“Remote” for remote first aid purposes is defined as anything more than an hour from para medic attendance-and Adelaide Bushwalkers are often in this situation even on walks not far from Adelaide
We attended the “Remote First Aid” Course that was held at Morialta Conservation Park on the 17th 18th and 19th July 2017.
It was run by Survive First Aid which is a highly regarded provider of First Aid Education based in Victoria. We wondered if the time would drag but the answer is a resounding “No”.
The course was a great balance of theory and practical scenarios which kept things interesting and moving, and these were interspersed with fascinating videos of heroic rescues and spectacular first aid treatments and interesting resources such as defibrillator carrying drones.
The trainer was knowledgeable, friendly, and approachable and no one attending the course should have felt self conscious. He helped everyone in a supportive and friendly way without singling anyone out or showing up their skills.
The practical sessions were great! They were held outside in the lower area of the park adding to the realism of the scenarios. They involved realistic fake blood, compound fractures, and make up that looked frighteningly real. The situations were posed with various combinations of first aiders and victims made up of class members and involved varying types and severities of illnesses and injuries.
They involved diagnosis, prioritization and treatment in very realistic situations-so realistic were the scenarios that passersby stopped, appalled, and made comments like “that looks bad” and “do you need help?”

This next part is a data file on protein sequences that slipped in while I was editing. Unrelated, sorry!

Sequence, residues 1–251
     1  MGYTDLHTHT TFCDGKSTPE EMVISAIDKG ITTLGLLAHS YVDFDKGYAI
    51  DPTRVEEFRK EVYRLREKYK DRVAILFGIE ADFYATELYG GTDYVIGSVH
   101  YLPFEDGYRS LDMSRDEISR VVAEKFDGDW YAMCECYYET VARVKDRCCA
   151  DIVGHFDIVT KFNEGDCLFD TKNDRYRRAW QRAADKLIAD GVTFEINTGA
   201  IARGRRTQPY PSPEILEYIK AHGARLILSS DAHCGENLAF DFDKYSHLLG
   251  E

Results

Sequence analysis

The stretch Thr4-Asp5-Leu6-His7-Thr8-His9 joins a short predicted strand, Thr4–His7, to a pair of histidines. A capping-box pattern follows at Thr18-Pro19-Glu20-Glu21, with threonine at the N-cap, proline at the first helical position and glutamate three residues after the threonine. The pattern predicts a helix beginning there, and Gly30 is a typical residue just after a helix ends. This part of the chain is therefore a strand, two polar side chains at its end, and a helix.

The realism was increased by the fact that the weather was cold and rainy heightening the sense of urgency. Plus the fact that we are all aware that if something were to go wrong it always seems to happen in the worst weather conditions!
The emphasis of the course was doing what you can with what is available which is such a sensible and realistic aim that one can’t help but agree!—using what you have in your pack or your first aid kit or lying around –not about doing a perfect job with good resources in ideal conditions but adapting what you’ve got as best you can in the bush.
We highly recommend this course and think that anyone in the club would find it interesting and useful and educational and that it increases knowledge and confidence. After all, while we all hope that nothing will go wrong we want to be able to provide assistance to the best of our ability if something does.
We are grateful to the club for subsidizing this course and would recommend members of the club avail themselves of this wonderful opportunity—Get involved! It may save your life or that of someone else one day.
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